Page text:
A Bayonne business still recovering from damages inflicted by Hurricane Sandy has been cited with four repeat and four serious safety and health violations, the U.S. Department of Labor’s Occupational Safety and Health Administration announced Tuesday.
Among the violations at Henry Repeating Arms, one of the country’s leading rifle manufacturers, was workers exposed to lead hazards, OSHA officials said in announcing $72,000 in penalties. OSHA said an inspection was performed in September.
The repeat violations, which carry a $46,800 penalty, include failing to develop and implement a written respiratory protection program for lead exposure; failing to evaluate, conduct tests and provide training for “half mask negative pressure respirators,” which protect against lead; and failing to ensure surfaces were maintained as free as practicable from lead accumulation.
OSHA considers these “repeat” violations because it says Henry Repeating Arms, on East First Street, was cited for similar violations in 2008.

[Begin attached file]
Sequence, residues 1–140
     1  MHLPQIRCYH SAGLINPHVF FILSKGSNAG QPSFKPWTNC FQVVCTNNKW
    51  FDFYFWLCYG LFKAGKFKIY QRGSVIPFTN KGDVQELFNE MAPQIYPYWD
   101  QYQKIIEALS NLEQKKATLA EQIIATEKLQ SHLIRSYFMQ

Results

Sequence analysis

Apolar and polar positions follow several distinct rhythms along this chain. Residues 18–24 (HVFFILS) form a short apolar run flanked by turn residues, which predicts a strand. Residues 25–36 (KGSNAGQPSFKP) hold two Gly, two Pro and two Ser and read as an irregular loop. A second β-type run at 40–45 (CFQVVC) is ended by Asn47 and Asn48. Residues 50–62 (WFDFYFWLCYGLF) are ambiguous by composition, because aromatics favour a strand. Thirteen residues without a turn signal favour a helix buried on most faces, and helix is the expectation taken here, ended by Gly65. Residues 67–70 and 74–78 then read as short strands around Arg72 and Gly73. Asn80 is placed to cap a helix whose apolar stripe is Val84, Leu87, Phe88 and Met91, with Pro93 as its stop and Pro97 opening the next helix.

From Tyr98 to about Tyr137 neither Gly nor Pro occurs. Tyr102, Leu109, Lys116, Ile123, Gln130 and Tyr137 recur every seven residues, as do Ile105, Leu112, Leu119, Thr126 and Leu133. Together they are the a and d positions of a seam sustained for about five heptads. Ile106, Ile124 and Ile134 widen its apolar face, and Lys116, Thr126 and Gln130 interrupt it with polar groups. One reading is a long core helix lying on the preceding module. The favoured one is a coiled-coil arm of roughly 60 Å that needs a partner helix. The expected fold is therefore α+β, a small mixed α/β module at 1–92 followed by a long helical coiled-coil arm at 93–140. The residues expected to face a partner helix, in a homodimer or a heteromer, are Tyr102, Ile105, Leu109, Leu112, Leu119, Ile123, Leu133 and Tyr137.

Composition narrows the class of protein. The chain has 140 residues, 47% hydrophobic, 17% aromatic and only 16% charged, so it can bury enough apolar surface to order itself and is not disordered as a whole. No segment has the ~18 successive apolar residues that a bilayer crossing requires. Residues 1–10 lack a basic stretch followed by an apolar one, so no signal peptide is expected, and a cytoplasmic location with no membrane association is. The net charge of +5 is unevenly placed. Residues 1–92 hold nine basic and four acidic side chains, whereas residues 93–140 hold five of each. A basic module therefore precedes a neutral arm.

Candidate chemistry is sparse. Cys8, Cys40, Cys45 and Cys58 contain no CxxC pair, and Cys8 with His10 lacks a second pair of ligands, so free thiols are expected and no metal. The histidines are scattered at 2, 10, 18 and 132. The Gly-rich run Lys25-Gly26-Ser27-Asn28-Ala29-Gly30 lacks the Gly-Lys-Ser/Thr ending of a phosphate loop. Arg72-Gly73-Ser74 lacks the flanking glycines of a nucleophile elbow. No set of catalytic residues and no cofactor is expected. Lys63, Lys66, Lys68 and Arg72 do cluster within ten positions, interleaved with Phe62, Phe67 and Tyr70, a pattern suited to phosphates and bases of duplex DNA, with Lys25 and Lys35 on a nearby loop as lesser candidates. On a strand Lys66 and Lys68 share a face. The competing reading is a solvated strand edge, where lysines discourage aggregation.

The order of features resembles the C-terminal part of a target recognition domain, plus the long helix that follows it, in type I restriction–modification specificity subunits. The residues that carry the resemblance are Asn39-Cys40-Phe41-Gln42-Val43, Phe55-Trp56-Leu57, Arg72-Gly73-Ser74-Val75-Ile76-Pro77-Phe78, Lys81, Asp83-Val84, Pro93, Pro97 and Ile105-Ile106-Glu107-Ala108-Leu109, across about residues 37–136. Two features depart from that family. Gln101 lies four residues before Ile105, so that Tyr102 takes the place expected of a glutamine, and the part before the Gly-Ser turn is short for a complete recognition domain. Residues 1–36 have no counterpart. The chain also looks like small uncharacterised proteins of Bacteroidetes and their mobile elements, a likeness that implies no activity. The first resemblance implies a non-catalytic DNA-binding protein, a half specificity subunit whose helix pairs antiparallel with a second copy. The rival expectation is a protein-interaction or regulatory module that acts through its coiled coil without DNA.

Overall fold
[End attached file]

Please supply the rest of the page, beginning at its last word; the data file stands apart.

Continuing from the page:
Among the “serious” violations, with a $25,200 penalty, OSHA says Henry Repeating Arms failed to implement a hearing conservation program and training program and provide annual audiograms for workers exposed to noise above 85 and 90 decibels, and failed to make medical surveillance available upon a worker’s notification of signs and symptoms of lead intoxication.
OSHA officials said a serious citation is issued when there is “substantial probability that death or serious physical harm could result from a hazard” that the employer knew or should have known about.
“Exposure to lead and noise in the firearms manufacturing industry has been well-known for decades” said Kris Hoffman, director of OSHA’s area office in Parsippany. “OSHA’s standards must be followed to protect workers from exposure that can lead to lead-related illness and occupational hearing loss.”
Henry Repeating Arms president and owner Anthony Imperato said his company is taking corrective action.
“We are investing in a new state-of-the-art test-fire facility that will cost us approximately $500,000, which will alleviate this issue along with other internal measures,” Imperato said. “We have also retained the services of an OSHA consultant to keep us compliant.”
Henry Repeating Arms has three weeks from receipt of the citations to comply, request an informal conference with OSHA’s area director, or contest the citations and proposed penalties before an independent panel.